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Seafood stew as an easy way to travel

The mingling of its cultural flavors offer a midwinter adventure.

By Jennifer WolcottCorrespondent of The Christian Science Monitor / January 28, 2009

Fish and tomato stew/Newscom

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Who says seafood stew can only be enjoyed on Christmas Eve? No one tells a man from Marseille that he can only enjoy a steaming bowl of bouillabaisse, the Provencal city's most celebrated dish, on special occasions such as Bastille Day. So why should a Bostonian, with a similar abundance of fabulous fresh seafood at her doorstep, only cook up a steaming pot of local fish, clams, or lobster on Dec. 24?

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I've resolved for 2009 to move this dish beyond its holiday tradition. Like roast turkey and all its delectable trimmings, seafood stew is just too good to savor only once a year.

Seafood stew comes in so many different incarnations that one can never grow bored of it. Without plunking down a cent for a plane ticket, any determined cook could sample the world's cuisines right at home, touring Asia with stews from Thailand, Cambodia, the Philippines, which might incorporate curry, coconut milk, and fresh lime juice; or the Mediterranean with seafood stews from France, Spain, and Italy that feature olive oil, garlic, and sometimes saffron. Of course, many other parts of the world, such as the Caribbean, Mexico, and North Africa, also boast excellent seafood stews.

Thus, the recipe options for a satisfying seafood stew are wide. To simplify, it helps to follow the lead of your own palate, intuitively choosing recipes that appeal to your taste buds. Pleasing others with your cooking will follow naturally.

Recently, when fishing for new seafood stew recipes to add to my repertoire, my expedition led me to some favorite cookbooks, culinary websites, and especially some talented local chefs who cook daily with New England's legendary fresh catch, who've shared their recipes (see recipes below). Keep in mind that their recipes can be tweaked depending on availability, preference, and one's pocketbook. For instance, those on a budget (and who isn't these days?) could make the Thai Seafood Stew with only mussels, omitting the shrimp and scallops, and it would be a lot less costly but still burst with flavor.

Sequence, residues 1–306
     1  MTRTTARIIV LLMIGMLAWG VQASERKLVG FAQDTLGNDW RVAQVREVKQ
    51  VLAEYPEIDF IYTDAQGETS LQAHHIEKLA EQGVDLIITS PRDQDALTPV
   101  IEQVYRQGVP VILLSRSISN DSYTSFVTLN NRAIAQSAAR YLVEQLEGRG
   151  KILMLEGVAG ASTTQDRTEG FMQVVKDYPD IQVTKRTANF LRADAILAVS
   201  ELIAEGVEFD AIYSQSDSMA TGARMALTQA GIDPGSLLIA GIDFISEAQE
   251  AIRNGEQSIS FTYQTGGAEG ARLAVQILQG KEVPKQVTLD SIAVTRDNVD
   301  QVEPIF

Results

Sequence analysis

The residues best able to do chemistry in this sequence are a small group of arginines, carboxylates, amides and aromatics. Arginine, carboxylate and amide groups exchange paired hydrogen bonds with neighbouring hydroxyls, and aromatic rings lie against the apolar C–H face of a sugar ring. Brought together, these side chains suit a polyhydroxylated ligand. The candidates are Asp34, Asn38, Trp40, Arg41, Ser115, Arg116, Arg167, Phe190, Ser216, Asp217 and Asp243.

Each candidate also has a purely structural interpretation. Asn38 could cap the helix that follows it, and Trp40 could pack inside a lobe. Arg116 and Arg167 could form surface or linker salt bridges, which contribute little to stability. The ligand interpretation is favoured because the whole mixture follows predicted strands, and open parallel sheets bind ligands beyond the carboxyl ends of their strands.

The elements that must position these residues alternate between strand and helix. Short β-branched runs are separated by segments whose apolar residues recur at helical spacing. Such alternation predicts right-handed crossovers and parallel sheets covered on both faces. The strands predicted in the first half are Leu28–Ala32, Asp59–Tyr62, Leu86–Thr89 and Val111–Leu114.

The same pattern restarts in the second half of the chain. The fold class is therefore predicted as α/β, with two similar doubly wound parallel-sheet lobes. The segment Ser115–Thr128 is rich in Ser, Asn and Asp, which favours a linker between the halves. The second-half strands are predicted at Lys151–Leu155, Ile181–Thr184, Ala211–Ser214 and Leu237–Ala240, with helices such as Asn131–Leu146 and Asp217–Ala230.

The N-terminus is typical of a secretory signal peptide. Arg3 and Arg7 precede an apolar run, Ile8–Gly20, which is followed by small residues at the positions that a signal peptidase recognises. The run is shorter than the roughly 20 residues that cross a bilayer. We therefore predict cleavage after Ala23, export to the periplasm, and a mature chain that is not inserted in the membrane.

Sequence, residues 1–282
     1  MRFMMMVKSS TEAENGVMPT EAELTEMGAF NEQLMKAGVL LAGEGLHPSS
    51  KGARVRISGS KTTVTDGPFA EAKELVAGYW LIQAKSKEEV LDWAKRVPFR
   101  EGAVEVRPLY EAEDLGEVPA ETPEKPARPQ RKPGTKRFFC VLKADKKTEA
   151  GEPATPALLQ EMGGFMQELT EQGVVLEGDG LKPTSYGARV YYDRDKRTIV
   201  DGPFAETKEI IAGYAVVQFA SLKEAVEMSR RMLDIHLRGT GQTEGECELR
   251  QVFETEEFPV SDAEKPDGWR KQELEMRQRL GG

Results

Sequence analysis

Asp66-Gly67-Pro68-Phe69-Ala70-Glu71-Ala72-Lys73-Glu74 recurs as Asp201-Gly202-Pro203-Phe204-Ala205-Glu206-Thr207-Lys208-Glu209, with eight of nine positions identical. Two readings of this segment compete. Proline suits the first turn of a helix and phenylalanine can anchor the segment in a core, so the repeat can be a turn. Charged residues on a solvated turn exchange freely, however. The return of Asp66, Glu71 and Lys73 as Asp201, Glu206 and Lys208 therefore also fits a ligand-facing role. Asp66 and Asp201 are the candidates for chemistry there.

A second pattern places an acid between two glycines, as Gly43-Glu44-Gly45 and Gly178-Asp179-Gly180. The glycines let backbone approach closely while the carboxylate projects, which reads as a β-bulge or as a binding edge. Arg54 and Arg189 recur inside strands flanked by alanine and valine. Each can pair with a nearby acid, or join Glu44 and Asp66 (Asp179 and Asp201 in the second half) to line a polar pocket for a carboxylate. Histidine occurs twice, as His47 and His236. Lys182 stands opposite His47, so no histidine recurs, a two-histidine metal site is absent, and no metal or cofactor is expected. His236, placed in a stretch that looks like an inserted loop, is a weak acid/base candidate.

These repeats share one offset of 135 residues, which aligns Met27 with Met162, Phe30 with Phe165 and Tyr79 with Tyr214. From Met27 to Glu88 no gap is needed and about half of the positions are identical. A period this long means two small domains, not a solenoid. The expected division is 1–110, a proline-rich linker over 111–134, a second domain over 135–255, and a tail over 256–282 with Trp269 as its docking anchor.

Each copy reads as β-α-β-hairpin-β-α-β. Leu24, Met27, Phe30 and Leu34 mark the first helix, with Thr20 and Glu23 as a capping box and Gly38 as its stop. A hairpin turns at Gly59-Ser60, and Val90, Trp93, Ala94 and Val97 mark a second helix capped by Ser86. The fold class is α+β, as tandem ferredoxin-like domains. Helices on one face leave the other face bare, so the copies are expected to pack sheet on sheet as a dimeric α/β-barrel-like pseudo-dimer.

Two tips: Select the freshest seafood possible, and use a recipe as a guideline rather than a rigid set of instructions. Then you're ready to dive in and enjoy the adventure of making and tasting a dish from a distant land.

After all, part of what makes cooking so satisfying is the thrill of exploring a foreign culture without venturing beyond the confines of one's own kitchen. To me, that's the ultimate in budget travel for the food lover. I can hardly wait to make seafood stews that take me to warm places such as Casablanca, Jamaica, and Laos as the temperature drops outside my window.

fish stew recipesMediterranean Mussel and Clam Stew
This recipe from Jeff Fournier, chef and owner of 51 Lincoln in Newton, Mass., is quick and easy to make with dazzling rewards. He was inspired to create this stew after a trip to Italy. The saffron gives this Italian-inspired dish a Spanish accent.

1/4 cup canola oil
20 cloves garlic, sliced
5 medium shallots, diced
2 pounds littleneck clams, rinsed
2 pounds mussels, cleaned and rinsed
Salt and pepper, to taste (clam juice, mussels, and clams are salty so do not overseason)
6 cups (1-1/2 quarts) clam juice
6 cups diced canned tomatoes with juice
1 pinch saffron (optional)
1/2 cup chopped parsley